Dr. Park: Specifically focusing on public relations topics, my primary area of research is corporate communication, and so one of my recent studies was on Corporate Social Responsibility (CSR) communication. And I wanted to examine how participatory CSR programs versus traditional CSR programs shape people’s perceptions about CSR and their attitudes towards a company doing CSR activities and their willingness to collaborate with a company to promote goodwill in the society. So, I used the Facebook setting. The condition was a company doing a participatory CSR campaign by inviting customers to their social media campaign and asked them to share their CSR messages to other people in their social networks. And then I compared that condition with the condition in which a company ties their good deeds to other people. I found that people feel more valued in the participatory CSR program because they feel they are part of doing a good thing for society. And so in that way, they are more willing to share CSR messages and encourage other people to participate in the same CSR campaigns. So there is a practical implication for companies to use in their future CSR programs. The CSR campaigns can create values for the company and also values for society and on the part of the consumers.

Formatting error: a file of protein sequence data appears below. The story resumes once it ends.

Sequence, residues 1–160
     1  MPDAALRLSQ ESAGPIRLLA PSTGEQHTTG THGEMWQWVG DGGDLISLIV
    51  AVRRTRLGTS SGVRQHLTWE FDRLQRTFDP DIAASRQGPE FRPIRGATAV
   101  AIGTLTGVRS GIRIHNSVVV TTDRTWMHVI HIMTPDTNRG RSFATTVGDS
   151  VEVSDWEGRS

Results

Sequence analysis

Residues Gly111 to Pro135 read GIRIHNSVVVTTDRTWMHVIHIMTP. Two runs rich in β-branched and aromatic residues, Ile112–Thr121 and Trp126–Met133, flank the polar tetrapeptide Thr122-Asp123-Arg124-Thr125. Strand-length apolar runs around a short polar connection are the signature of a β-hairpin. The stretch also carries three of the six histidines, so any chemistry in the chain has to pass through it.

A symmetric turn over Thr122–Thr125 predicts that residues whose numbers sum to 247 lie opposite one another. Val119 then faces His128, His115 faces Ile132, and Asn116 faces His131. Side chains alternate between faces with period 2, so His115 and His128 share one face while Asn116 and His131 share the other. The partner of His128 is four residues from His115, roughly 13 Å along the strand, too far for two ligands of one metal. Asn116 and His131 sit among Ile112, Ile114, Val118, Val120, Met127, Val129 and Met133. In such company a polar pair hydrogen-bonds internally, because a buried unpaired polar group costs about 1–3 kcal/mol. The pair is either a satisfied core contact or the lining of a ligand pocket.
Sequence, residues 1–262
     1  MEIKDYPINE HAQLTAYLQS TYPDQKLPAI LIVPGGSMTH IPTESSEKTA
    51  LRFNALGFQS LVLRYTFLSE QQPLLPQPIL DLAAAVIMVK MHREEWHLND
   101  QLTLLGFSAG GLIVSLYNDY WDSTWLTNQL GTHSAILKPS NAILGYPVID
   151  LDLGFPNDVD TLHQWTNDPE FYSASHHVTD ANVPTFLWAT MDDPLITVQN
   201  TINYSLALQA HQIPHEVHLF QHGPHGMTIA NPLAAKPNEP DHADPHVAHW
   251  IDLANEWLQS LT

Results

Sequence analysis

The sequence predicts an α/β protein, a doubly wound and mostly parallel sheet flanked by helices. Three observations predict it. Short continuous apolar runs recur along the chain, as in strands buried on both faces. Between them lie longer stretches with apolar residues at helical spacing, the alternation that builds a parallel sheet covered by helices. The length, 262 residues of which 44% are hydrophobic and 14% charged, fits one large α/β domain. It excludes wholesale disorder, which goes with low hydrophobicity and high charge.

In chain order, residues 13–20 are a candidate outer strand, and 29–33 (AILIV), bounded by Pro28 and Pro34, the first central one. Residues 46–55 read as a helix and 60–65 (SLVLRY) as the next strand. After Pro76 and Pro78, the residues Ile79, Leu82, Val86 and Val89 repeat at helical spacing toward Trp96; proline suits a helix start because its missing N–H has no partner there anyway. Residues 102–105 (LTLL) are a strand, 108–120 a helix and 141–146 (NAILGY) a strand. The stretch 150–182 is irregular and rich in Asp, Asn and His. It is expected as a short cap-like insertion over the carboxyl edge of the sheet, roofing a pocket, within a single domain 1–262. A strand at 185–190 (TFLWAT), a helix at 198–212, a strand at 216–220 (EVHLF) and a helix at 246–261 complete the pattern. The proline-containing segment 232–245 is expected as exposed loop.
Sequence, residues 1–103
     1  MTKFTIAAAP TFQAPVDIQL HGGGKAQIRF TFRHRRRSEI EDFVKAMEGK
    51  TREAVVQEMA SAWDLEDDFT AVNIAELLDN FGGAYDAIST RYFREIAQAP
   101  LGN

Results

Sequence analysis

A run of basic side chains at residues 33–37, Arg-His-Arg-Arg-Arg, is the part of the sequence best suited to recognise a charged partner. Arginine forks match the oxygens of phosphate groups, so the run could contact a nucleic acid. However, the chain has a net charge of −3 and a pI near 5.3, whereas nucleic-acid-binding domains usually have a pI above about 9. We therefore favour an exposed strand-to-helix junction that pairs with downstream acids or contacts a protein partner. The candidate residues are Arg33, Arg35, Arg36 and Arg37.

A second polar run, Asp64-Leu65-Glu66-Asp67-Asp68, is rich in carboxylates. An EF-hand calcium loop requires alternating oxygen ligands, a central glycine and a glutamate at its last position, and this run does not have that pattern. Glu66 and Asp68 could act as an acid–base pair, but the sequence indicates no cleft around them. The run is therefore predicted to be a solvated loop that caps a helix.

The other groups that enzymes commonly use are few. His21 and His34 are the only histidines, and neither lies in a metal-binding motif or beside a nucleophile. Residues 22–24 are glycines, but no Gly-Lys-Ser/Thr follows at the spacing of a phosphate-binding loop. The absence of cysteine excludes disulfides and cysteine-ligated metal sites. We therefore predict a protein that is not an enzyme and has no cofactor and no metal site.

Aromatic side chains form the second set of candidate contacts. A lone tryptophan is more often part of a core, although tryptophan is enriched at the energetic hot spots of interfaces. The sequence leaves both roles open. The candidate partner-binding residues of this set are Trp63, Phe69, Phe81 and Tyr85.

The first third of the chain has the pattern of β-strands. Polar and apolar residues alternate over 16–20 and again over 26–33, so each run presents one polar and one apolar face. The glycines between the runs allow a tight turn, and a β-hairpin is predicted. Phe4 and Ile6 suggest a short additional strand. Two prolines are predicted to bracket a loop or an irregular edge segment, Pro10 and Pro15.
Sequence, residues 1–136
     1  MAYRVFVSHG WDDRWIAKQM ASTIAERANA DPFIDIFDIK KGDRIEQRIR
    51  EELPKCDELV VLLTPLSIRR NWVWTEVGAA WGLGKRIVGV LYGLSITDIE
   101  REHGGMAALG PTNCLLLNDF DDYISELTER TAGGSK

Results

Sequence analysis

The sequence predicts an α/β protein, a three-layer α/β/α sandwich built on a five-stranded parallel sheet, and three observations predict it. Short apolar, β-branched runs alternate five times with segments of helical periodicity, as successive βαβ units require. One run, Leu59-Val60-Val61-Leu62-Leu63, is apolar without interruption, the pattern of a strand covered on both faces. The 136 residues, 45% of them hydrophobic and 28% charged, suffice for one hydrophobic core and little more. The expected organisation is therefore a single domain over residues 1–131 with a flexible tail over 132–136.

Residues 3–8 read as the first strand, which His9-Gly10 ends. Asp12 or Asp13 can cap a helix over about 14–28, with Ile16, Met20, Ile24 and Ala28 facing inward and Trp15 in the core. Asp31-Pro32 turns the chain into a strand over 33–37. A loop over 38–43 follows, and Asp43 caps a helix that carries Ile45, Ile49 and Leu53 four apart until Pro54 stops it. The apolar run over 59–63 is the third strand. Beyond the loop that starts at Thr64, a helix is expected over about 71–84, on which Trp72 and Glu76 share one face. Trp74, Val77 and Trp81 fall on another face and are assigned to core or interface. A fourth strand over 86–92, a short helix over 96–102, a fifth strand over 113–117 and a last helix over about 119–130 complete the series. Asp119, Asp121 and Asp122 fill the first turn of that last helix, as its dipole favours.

MEL: Could you tell me about the findings in your recently published article, “One size does not fit all: Health Audience Segmentation and Prediction of Health Behaviors in Cancer Prevention”?